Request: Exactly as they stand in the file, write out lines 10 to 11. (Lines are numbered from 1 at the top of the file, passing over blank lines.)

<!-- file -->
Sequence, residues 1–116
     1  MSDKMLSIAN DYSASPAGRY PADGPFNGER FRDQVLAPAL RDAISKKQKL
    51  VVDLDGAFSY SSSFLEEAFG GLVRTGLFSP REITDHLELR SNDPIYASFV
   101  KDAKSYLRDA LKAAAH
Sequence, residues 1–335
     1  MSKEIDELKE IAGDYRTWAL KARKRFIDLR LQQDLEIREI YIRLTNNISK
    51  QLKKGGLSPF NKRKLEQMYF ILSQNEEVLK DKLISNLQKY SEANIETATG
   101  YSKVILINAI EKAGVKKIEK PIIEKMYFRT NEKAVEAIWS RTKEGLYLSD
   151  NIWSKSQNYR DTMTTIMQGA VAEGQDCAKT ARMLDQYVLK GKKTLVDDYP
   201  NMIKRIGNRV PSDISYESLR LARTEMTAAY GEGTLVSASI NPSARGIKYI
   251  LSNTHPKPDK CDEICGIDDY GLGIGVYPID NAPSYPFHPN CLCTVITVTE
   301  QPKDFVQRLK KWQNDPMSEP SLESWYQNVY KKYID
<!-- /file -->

   201  NMIKRIGNRV PSDISYESLR LARTEMTAAY GEGTLVSASI NPSARGIKYI
   251  LSNTHPKPDK CDEICGIDDY GLGIGVYPID NAPSYPFHPN CLCTVITVTE